4imprint, LLC

4 min read

An outstanding call centre starts with an outstanding onboarding process. Why? Because the better your staff understands your organization and the tools at their disposal, the better they’ll be able to support patient callers. Provide training on your organization’s computer system, knowledge database and phone system. And give each phone representative the opportunity to practice using these tools with instructors, supervisors and each other before taking live calls.

And because they’re working in healthcare, it can also be valuable to:

  • Practice provider name pronunciation.
  • Review key medical terminology—especially specialty departments within your organization.
  • Cover basic health privacy laws and other privacy concerns.

Training giveaways, like a notebook, pen and sticky notes, can make it easy for staff to jot down key ideas or keep important instructions at eye level.

(Bonus best practice: It can be helpful to hold an updated training session every six months or annually to review new laws, new doctor names, and new policies and procedures.)


Best practice #2: Support your agents

Eighty-seven percent of call centre employees experience high or very high stress levels (PDF). Taking care of your phone staff is one of the best ways to prevent burnout and reduce turnover. Given the industry attrition rate for call centres is 33%, it’s important to create a positive environment so you’re not constantly replacing staff.

Keep their stress levels regulated with perks, such as:

  • Flexible schedules to handle personal or family concerns
  • Access to stress management, counselling and professional mental health resources
  • Adequate break times

You can also offer staff members a stress reliever or a fidget block to help them remain calm and focused during a stressful call.


Best practice #3: Ensure smooth transitions from self-service to call centres

Customers may appreciate the opportunity to solve a problem on their own—but that appreciation may soon dwindle if they find themselves stuck in a voice system they’re unable to navigate.

Make sure your automatic interactive voice response (IVR) and chatbot systems make it easy to go from “computer help” to “person help” with the click of button or mouse, or with a simple voice request. And remember to make that transition seamless—85% of people (PDF) want the live person to know about their interactions with a chatbot.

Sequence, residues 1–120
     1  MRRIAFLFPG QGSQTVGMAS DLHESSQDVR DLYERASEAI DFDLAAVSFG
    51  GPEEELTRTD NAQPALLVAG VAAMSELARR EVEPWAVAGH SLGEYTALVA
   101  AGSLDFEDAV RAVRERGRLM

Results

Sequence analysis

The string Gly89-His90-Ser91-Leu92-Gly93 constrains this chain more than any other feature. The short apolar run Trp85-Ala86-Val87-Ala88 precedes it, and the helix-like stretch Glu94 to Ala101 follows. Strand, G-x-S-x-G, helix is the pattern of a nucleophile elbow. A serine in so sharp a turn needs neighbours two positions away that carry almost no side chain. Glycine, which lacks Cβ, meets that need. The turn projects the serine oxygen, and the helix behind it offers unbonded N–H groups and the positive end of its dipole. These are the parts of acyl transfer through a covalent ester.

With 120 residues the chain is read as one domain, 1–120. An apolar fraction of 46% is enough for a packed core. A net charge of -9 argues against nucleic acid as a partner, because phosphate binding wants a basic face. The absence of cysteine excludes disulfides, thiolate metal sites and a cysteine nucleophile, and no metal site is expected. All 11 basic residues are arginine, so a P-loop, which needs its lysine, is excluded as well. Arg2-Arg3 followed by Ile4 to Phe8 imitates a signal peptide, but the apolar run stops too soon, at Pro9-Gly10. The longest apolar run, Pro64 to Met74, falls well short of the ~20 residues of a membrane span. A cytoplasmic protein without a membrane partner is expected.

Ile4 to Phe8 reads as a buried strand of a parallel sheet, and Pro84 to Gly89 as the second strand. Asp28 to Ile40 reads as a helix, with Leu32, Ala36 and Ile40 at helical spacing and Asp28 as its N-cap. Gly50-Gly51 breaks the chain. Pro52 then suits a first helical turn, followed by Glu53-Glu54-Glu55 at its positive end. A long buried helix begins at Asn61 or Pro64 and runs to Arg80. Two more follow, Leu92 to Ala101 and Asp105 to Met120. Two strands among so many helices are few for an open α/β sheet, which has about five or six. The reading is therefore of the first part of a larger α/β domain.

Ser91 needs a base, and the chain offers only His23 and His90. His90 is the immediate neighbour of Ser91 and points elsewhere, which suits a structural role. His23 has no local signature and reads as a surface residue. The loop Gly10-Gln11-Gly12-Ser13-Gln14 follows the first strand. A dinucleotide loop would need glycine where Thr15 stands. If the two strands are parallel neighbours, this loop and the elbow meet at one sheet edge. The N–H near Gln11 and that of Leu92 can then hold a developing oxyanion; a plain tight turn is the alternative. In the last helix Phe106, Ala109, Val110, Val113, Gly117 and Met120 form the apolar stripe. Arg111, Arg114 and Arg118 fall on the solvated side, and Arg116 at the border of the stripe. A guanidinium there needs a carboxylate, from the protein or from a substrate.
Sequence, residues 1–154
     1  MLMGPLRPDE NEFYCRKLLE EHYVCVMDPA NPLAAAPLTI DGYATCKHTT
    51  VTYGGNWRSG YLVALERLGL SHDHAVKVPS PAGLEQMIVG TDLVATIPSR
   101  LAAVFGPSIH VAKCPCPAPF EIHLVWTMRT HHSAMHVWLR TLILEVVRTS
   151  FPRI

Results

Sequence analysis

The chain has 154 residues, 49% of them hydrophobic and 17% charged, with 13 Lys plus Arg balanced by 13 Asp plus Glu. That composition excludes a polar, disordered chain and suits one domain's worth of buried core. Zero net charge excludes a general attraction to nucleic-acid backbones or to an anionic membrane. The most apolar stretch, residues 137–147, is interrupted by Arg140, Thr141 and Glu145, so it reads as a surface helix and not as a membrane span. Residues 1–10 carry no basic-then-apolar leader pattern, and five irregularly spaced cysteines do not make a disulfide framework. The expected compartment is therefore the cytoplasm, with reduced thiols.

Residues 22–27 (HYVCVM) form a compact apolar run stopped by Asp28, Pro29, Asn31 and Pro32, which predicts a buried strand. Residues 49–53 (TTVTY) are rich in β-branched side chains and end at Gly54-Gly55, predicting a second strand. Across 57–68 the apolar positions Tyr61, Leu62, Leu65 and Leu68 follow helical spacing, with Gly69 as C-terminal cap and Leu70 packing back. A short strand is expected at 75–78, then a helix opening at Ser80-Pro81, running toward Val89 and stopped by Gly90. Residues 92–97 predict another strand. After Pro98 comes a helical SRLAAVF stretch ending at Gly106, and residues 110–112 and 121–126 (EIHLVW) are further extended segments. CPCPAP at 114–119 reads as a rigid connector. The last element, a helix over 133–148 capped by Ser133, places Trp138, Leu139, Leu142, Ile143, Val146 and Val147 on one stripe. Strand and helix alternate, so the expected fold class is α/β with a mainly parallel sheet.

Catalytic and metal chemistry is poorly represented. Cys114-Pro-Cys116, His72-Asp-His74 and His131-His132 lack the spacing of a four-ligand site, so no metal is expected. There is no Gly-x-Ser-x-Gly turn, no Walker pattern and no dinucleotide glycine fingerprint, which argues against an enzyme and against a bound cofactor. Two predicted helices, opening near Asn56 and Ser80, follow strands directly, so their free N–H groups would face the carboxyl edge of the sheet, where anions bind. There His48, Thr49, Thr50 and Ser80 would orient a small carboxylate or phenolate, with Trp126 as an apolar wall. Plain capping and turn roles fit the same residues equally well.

Best practice #4: Train your supervisors

Outstanding call centre team members don’t automatically make outstanding call centre supervisors. Properly train your leadership to help your call centre staff be the best that they can be. Offer agent-coaching training and role playing to better prepare supervisors to handle escalated calls. Understanding and discussing call centre metrics is another great tool for those supervisor toolkits.


Best practices #5: Keep your knowledge database up to date

Every call centre has policies, procedures and best practices that change yearly—and sometimes even more frequently. Keep this information database up to date so staff have access to the right answers at the right time.

To ensure your staff isn’t working with outdated information:

  • Assign a staff member to update the knowledge database as needed.
  • Update titles and descriptions for easier searching.
  • Add pictures or videos to clarify steps that may be confusing.
  • Consider pruning articles that are no longer used or relevant.


Best practice #6: Separate employees by expertise

Although having staff members cross-trained might make things easier for scheduling purposes, when it comes to answering specialized questions, creating pods of expertise can help patients get the right answer the first time—significantly boosting customer satisfaction.


Creating healthy calls

When a patient calls your office, they need help—and you can be the one to provide them with top-quality care. These call centre best practices and training giveaways can help keep your callers—and your staff—happy and healthy.